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From The CriticsReviewer: Daniel J. Brauner, MD (University of Chicago Pritzker School of Medicine)
Description: This is a book of essays about primary care medicine written by a prolific physician well known for his important contributions regarding humanistic aspects of patient care. Dr. Cassell uses historical and philosophical perspectives as well as his extensive clinical experience and patient vignettes to show the problems with current ideas about primary care and to lay the foundation for a new discipline based on patient-centered care.
Purpose: Dr. Cassell's purpose is to show how a novel notion of primary care, one which puts the patient at the center of the endeavor, will enable us to better care for our patients. He shows how this approach requires learning skills which have not traditionally been stressed in medical school or residency training programs but which must be learned if primary care is to evolve into the ascendant specialty he envisions. This is an extremely timely and important book in response to the rapidly changing nature of health care. With many of these changes formed by administrators looking at the bottom line, appreciating Dr. Cassell's perspective as a thoughtful practitioner becomes vitally important.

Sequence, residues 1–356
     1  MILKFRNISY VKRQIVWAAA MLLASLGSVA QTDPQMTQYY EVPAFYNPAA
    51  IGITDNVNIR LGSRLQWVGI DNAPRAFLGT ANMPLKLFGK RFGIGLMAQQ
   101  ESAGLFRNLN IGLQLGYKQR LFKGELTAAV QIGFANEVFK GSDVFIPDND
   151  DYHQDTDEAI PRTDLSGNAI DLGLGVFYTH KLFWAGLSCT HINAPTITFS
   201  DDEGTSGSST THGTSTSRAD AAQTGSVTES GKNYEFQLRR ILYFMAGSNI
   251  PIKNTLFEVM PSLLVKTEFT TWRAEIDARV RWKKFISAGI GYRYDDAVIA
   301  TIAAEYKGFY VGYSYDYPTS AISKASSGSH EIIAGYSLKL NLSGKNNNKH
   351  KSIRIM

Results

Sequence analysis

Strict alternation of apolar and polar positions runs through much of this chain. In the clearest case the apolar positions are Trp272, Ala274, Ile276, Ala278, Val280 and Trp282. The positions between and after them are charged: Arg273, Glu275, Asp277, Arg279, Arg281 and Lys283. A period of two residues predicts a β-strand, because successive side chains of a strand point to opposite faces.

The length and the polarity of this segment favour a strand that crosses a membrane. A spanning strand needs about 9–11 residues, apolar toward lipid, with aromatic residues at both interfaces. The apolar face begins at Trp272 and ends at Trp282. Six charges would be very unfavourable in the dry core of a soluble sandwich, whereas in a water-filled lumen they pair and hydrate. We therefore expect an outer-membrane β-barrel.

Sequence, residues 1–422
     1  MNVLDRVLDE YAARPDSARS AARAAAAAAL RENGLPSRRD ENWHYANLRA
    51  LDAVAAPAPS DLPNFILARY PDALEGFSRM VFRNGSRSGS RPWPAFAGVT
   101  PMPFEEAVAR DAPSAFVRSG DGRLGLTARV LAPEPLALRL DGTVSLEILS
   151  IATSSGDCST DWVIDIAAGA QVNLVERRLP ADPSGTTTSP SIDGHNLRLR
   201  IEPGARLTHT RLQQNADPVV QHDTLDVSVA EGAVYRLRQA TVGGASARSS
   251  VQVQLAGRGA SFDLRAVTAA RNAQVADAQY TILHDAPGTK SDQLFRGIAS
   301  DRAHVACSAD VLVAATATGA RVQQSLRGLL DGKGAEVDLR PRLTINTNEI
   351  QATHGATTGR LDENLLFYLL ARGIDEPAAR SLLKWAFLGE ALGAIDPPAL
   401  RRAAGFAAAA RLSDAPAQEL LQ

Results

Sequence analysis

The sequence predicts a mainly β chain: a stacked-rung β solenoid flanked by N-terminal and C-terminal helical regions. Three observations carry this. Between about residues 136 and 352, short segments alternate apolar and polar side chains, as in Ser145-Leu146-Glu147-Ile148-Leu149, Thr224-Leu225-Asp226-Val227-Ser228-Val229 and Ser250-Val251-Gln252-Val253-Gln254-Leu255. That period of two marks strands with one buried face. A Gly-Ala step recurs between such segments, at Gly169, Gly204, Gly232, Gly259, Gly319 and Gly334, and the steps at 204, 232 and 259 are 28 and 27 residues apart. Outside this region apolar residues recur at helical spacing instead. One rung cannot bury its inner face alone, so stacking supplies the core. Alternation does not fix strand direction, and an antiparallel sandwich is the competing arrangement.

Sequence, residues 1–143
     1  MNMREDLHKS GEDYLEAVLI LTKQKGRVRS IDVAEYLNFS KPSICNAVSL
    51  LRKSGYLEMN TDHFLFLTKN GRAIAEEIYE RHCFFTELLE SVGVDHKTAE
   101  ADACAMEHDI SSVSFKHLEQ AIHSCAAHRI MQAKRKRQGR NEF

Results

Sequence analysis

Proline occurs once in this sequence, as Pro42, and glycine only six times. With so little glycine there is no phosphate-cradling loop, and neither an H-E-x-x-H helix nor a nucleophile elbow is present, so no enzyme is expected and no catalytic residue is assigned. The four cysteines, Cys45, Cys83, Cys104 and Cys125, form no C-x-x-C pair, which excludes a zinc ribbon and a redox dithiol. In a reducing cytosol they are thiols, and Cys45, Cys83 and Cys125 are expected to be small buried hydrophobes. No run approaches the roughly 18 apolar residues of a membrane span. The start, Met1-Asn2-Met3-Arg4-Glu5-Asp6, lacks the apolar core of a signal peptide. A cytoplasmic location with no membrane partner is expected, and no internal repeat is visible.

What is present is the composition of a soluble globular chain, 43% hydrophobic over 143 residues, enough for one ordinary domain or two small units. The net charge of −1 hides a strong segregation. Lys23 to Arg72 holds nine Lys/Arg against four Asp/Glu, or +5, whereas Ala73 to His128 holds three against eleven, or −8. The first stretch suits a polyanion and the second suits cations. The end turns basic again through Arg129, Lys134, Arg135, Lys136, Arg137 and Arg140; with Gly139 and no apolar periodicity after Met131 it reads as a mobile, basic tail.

Audience: This book will be most useful for those in primary care medicine, but its messages are much more universal. Readers could include most health professionals caring for, learning to care for, or considering caring for patients. It would also be interesting and important to those who teach students to care for patients, as well as to those involved in health care policy.
Features: Dr. Cassell uses a broad array of references from historical treatises on medicine to current physician thinkers and from early twentieth century philosophers to those of modern-day. It is well referenced and indexed.
Assessment: I heartily recommend this book. Dr. Cassell's insights into caring for patients in the late twentieth century are sharp and cogent. His well reasoned plan for change should form the nucleus of a revolution in how we care for patients.